Global progressive policing
QUEEN ELIZABETH II:

Policing in the UK and internationally pays tribute to Her Majesty Queen Elizabeth II

OPEN 9th September 2022Policing Insight team

As the UK Royal Family entered a period of mourning following the death of Her Majesty Queen Elizabeth II on Thursday, Policing Insight looks at some of the tributes and messages of condolence that have been sent from the policing family in the UK and overseas.

Police leaders, staff associations and law enforcement stakeholders in the UK and internationally have paid tribute to Her Majesty Queen Elizabeth II, who passed away peacefully at Balmoral on Thursday at the age of 96.

Martin Hewitt, Chair of the National Police Chiefs’ Council, said that it was with “profound sorrow” that the organisation learned of the death of the monarch: “We offer our solemn and sincere condolences to the Royal Family and pay tribute to the life and service of the Queen.

She was and always will be an inspiration to us all, particularly to those of all ages who live with challenging conditions and constantly demonstrate resilience, persevering relentlessly and with a strong sense of duty.”

Simon Nelson, President,
Disabled Police Association

“Police officers take an oath to serve the Queen and the entire police family will join the nation in mourning this very sad news.”

Marc Jones, Chair of the Association of Police and Crime Commissioners (APCC), described her passing as a “momentously sad day”, and passed on the “deepest respects and condolences” of PCCs to all members of the Royal Family.

“As our longest-reigning monarch, Her Majesty Queen Elizabeth II exemplified public service,” said Mr Jones. “For over 70 years she remained a constant source of stability, wisdom, and comfort to the country. She was, and remains, an inspiration to us all.

“Over the coming days, policing will play a key role in ensuring that Her Majesty is laid to rest in a way which befits her life of public service. Police and crime commissioners working with our chief constables will ensure that police forces are able to play a full and active part in supporting our communities and keeping them safe during this important time of national mourning.”

A statement by the Police Federation of England and Wales offered “sincere condolences to the Royal Family” on behalf of its membership as servants of the crown, adding that flags at Federation headquarters had been lowered to half-mast as a mark of respect.

Among the many other tributes from individual officers and policing organisations in the UK was a comment from Her Majesty’s Chief Inspector of Constabulary Andy Cooke, who praised the Queen’s service “with great distinction and unstinting devotion” during her reign over seven decades.

And Simon Nelson, President of the Disabled Police Association, said it has “always been a privilege” to serve communities on behalf of Her Majesty: “She was and always will be an inspiration to us all, particularly to those of all ages who live with challenging conditions and constantly demonstrate resilience, persevering relentlessly and with a strong sense of duty.

“The Disabled Police Association sends its heartfelt condolences to the Royal Family and pledges to continue with this strong sense of responsibility and commitment to those who need us, as she would have expected and on behalf of the King.”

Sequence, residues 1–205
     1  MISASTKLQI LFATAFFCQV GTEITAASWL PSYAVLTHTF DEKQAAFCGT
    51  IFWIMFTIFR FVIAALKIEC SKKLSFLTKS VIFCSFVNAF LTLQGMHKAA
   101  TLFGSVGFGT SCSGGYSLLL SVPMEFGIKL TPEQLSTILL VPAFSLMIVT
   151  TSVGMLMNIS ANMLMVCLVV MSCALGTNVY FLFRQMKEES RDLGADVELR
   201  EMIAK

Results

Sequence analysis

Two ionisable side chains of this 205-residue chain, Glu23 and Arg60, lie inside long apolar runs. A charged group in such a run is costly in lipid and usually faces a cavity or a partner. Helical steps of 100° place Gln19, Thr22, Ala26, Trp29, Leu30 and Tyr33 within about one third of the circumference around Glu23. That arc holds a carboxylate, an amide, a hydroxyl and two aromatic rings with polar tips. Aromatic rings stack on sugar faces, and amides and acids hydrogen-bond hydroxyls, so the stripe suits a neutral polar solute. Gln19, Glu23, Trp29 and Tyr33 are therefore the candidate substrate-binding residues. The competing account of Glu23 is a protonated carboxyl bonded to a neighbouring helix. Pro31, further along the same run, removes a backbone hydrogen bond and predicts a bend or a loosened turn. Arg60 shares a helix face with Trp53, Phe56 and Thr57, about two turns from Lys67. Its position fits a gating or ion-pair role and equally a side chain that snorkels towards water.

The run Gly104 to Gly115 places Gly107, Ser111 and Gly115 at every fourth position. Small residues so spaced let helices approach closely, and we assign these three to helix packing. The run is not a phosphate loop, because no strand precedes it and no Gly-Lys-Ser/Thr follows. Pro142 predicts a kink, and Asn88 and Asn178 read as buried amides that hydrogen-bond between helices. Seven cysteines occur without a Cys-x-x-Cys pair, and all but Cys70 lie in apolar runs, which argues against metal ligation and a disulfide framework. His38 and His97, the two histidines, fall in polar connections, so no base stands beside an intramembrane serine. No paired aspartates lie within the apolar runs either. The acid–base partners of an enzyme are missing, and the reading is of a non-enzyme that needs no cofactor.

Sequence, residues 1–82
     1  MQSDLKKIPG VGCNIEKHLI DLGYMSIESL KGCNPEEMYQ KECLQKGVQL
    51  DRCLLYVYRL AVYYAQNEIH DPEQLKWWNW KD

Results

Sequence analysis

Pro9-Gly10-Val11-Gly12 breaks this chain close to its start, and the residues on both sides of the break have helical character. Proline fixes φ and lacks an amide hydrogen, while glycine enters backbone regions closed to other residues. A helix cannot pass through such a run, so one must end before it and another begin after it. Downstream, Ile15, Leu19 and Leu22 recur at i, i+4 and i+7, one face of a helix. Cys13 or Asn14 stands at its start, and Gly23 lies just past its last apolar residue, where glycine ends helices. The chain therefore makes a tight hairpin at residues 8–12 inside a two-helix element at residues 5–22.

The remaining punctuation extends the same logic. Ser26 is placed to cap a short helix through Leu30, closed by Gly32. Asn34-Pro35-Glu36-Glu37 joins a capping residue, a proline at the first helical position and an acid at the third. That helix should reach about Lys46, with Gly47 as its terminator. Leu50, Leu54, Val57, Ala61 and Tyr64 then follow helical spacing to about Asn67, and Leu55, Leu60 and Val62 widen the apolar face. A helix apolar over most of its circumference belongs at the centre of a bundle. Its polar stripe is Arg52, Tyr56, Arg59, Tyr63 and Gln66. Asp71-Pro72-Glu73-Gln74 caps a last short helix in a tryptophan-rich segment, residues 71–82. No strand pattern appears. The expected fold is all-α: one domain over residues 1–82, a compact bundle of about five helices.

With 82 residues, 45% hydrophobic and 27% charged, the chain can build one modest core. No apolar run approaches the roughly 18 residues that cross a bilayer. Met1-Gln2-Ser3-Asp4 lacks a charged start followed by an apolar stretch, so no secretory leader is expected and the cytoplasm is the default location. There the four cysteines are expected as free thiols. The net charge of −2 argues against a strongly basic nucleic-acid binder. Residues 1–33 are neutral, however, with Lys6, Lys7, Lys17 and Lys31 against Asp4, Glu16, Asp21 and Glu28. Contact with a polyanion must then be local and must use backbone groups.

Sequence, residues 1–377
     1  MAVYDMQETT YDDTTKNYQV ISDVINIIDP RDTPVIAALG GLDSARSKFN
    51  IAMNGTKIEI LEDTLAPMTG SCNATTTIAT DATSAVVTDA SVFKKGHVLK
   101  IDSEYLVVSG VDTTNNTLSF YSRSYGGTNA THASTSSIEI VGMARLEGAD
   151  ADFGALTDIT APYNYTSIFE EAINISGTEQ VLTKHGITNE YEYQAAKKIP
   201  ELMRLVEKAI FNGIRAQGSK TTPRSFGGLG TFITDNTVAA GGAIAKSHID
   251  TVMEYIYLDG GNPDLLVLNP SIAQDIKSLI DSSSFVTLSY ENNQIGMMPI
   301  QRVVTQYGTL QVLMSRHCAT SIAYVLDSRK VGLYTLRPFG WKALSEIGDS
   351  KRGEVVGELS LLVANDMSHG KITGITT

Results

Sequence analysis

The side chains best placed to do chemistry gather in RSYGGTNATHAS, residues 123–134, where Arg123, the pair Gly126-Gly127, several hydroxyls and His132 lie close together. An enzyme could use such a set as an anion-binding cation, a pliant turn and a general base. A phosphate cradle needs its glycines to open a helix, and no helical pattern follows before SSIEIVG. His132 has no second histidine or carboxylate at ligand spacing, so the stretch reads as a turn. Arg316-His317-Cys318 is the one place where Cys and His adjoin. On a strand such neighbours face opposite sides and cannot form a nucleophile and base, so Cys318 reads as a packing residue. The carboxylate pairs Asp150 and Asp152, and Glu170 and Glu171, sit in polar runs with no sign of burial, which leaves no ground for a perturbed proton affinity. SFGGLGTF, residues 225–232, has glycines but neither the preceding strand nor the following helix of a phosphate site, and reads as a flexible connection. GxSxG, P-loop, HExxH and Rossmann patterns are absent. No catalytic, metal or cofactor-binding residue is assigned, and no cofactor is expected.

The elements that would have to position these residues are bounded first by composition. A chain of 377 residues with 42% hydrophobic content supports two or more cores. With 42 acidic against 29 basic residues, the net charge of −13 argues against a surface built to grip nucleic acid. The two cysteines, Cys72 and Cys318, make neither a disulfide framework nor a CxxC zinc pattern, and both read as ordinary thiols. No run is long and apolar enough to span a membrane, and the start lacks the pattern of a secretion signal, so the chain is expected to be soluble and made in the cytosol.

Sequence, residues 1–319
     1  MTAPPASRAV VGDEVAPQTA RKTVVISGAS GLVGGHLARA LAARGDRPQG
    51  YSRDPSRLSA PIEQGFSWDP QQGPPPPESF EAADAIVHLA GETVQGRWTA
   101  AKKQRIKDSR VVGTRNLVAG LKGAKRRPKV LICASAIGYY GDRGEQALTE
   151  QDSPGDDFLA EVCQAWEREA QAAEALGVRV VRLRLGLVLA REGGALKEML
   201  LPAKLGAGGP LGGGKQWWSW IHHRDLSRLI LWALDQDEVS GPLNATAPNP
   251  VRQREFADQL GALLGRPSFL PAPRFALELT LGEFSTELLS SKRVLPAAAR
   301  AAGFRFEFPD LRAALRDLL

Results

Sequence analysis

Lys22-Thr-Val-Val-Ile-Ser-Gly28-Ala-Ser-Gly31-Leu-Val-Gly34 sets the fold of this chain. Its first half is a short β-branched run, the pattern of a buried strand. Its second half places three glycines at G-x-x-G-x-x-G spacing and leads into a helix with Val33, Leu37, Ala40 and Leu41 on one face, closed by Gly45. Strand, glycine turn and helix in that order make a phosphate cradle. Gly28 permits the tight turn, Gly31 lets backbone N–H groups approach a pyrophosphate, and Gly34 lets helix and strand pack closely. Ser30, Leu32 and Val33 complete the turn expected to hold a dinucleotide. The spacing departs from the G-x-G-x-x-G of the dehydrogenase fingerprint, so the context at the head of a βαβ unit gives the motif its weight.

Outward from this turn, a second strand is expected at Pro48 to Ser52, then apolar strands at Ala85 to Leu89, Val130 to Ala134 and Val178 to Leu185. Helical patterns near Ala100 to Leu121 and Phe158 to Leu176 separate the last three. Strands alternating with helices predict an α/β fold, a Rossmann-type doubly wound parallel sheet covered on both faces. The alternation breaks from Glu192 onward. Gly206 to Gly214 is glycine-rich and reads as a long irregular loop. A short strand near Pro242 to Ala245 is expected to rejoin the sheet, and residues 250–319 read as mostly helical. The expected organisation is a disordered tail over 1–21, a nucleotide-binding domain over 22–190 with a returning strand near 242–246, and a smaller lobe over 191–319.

‘An honour to serve’

The loss of the Queen has also been felt by the wider policing family internationally, particularly for those organisations which have had a closer relationship with the monarchy. Her Majesty was the Commissioner-in-Chief of the Royal Canadian Mounted Police (RCMP), awarding long service medals to members who have completed 20 years’ service, and officially approving a new badge for the RCMP in 1973.

Throughout her reign, the Queen maintained a strong link between the RCMP and The Royal Family. In fact, as Commissioner-in-Chief, Her Late Majesty was the longest serving ‘member’ of the RCMP.”

Brenda Lucki,
RCMP Commissioner

Extending her “sincere condolences” to the Queen’s family, RCMP Commissioner Brenda Lucki Commissioner said: “When the Queen ascended to the throne in 1952, RCMP Commissioner L.H. Nicholson noted her ‘responsible approach to the tasks at hand’ and ‘selfless devotion to duty’.

“Upon her Coronation in 1953, which was attended by a contingent from the RCMP, Her Late Majesty became our Honorary Commissioner. The Queen formally accepted the position of Commissioner-in-Chief during her Diamond Jubilee year – the only time this rank has been conferred in our almost 150-year history.

“Throughout her reign, the Queen maintained a strong link between the RCMP and The Royal Family. In fact, as Commissioner-in-Chief, Her Late Majesty was the longest serving ‘member’ of the RCMP.

“Her Late Majesty’s lifelong commitment to service and duty is a legacy that will continue to inspire us all for many years to come.”

New Zealand Police said that news of the death of Her Majesty marked “a sad and solemn day for New Zealand”, adding: “Not only was the Queen our head of state, she also had a deep connection with our organisation.”

Police forces in Australia have also been paying tribute to Her Majesty Queen Elizabeth II. Queensland Police Service Commissioner Katarina Carroll said the Service “joined the world in mourning” the loss of the Queen, stating: “As police we take an oath to serve the Crown with honour and integrity. Her Majesty’s service has inspired us and many Queenslanders alike.

“On behalf of our police community, I extend my deepest condolences to the Royal Family and all those who are feeling her loss. It has been an honour to serve Her Majesty.”


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